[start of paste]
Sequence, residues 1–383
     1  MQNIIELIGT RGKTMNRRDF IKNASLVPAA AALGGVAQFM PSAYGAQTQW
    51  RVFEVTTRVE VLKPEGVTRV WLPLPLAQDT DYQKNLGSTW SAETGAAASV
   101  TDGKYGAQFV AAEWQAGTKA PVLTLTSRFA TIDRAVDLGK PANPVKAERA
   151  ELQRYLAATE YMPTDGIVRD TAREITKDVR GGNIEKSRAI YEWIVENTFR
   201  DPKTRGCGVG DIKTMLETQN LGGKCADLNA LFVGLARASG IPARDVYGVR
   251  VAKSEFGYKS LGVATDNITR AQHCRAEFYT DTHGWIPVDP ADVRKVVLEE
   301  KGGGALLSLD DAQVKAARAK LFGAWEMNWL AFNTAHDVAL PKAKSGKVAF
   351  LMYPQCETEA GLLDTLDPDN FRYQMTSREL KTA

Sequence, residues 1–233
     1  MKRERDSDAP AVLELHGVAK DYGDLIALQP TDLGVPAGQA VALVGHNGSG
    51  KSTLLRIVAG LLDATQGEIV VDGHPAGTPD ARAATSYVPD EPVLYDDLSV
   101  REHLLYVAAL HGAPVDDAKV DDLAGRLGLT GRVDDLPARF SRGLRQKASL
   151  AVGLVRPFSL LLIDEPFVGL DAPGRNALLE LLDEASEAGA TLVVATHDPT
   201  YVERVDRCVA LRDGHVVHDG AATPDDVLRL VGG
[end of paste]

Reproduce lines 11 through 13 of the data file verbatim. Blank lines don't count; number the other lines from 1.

     1  MKRERDSDAP AVLELHGVAK DYGDLIALQP TDLGVPAGQA VALVGHNGSG
    51  KSTLLRIVAG LLDATQGEIV VDGHPAGTPD ARAATSYVPD EPVLYDDLSV
   101  REHLLYVAAL HGAPVDDAKV DDLAGRLGLT GRVDDLPARF SRGLRQKASL